Posts Tagged ‘hooks vine and sinister’

Hooks, Vine & Sinister (the new album!)

The Cork

One year on, and we’re exactly 12 months closer to being six feet under. But on the bright side, there’s always a new Twonkey show, and a new album… Last year Mr. Twonkey shook it up by putting out Giddy World on a USB stick and included a 13 minute Radio Play at the end. This year, he has another USB release, cork-shaped, and it contains an absolute bounty of material. A new album, Hooks, Vine and Sinister (a compilation of 11 old tracks, and 5 new ones), a splendiferous full length Mp4 video of his last show, Twonkey’s Private Restaurant, an audiobook of his novella, Itchy Grumble, as read by the author itself, and a bonus short comedy video and 3 tracks from his other album of the year (!!!) with The Leg. Phew!

We’ll look at the Twonkey Hits album by Paul Vickers and Friends first:

Hooks vs Hunchbacks 3rd attempt

*****

The New Tracks

Just five, but we’re talking vintage Vickers here. At least two of them would have made this album anyway (the Best Of section) had they been released earlier.

This Is Showbiz – We loved this from the moment we heard the first note back in January. It was played at the end of the performances of his play Jennifer’s Robot Arm (strictly as outro music, not an actual part of the show). Instantly memorable (sung by folk at the bar afterwards on a single hearing), we initially thought this jaunty number could qualify under ‘sinister’ with the line ‘a vacancy where a hearse should be’. But the line turns out to be the more jovial ‘a vacancy where a heart should be’. Actually, that’s still quite bleak now that we think about it. It’s another collaboration with Hamish ‘Hot Beryl’ Hawk and Steven ‘Victor Pope’ Vickers. Catchy as the proverbial fuck.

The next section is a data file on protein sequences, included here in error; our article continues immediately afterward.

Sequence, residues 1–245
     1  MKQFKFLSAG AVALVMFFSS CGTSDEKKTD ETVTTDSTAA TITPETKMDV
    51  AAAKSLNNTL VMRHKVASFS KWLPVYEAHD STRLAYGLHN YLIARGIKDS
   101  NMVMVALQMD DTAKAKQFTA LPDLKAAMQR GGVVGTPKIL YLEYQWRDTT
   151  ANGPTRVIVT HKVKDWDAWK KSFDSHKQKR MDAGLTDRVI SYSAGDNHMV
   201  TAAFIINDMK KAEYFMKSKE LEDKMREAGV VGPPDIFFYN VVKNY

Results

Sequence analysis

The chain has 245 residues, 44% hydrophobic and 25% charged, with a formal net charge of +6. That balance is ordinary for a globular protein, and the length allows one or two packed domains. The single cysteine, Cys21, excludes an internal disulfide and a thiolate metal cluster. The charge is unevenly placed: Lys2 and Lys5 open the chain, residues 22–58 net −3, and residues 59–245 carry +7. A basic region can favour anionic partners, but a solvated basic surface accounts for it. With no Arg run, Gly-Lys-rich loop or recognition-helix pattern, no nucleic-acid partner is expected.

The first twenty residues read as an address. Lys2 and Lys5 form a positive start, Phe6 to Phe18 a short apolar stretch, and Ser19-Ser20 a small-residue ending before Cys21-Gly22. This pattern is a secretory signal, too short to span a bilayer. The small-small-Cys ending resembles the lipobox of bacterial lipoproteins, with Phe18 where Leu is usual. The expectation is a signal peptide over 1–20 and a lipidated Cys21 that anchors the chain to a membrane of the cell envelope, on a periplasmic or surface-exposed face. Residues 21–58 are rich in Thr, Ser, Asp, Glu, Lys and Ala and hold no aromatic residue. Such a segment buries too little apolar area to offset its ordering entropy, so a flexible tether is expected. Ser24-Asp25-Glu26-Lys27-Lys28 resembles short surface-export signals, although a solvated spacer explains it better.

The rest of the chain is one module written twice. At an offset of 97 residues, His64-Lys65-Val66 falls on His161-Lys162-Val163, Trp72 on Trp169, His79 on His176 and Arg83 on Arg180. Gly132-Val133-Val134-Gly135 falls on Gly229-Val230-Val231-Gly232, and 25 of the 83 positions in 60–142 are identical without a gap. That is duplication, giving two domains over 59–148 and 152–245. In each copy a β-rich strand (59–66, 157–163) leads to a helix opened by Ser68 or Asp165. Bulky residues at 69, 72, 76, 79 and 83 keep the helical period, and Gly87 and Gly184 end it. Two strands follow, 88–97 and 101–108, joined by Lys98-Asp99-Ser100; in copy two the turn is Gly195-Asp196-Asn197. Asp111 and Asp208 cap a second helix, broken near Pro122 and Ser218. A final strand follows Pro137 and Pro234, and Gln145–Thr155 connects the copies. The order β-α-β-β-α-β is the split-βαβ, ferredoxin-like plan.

Mugulvery’s Farm – Wow, another bona fide Vickers classic. One of his best ever vocals, which we can only describe as a drunken Vincent Price showing off his best Barry Gibb falsetto. In a perfect world, this would be a smash hit. Collaborator is ex-DotR bandmate Grant Pringle, who is also behind The Flying Tailor (heard in The Hits section). Quite a one-two whammy. It’s almost 15 years since this pair were in a band together, but they’re still dynamite. Our favourite track.

Raspberry – this one is actually credited as ‘Raspberry 2014‘, and may be an updated version of a much older track, especially as collaborator Andy Currie has been off the scene for a few years now. Likely to date from his Recording The Impossible days. It debuted in London, October 2014. Short techno track with slowed-down vocals. He sounds utterly demented. Not for the first time.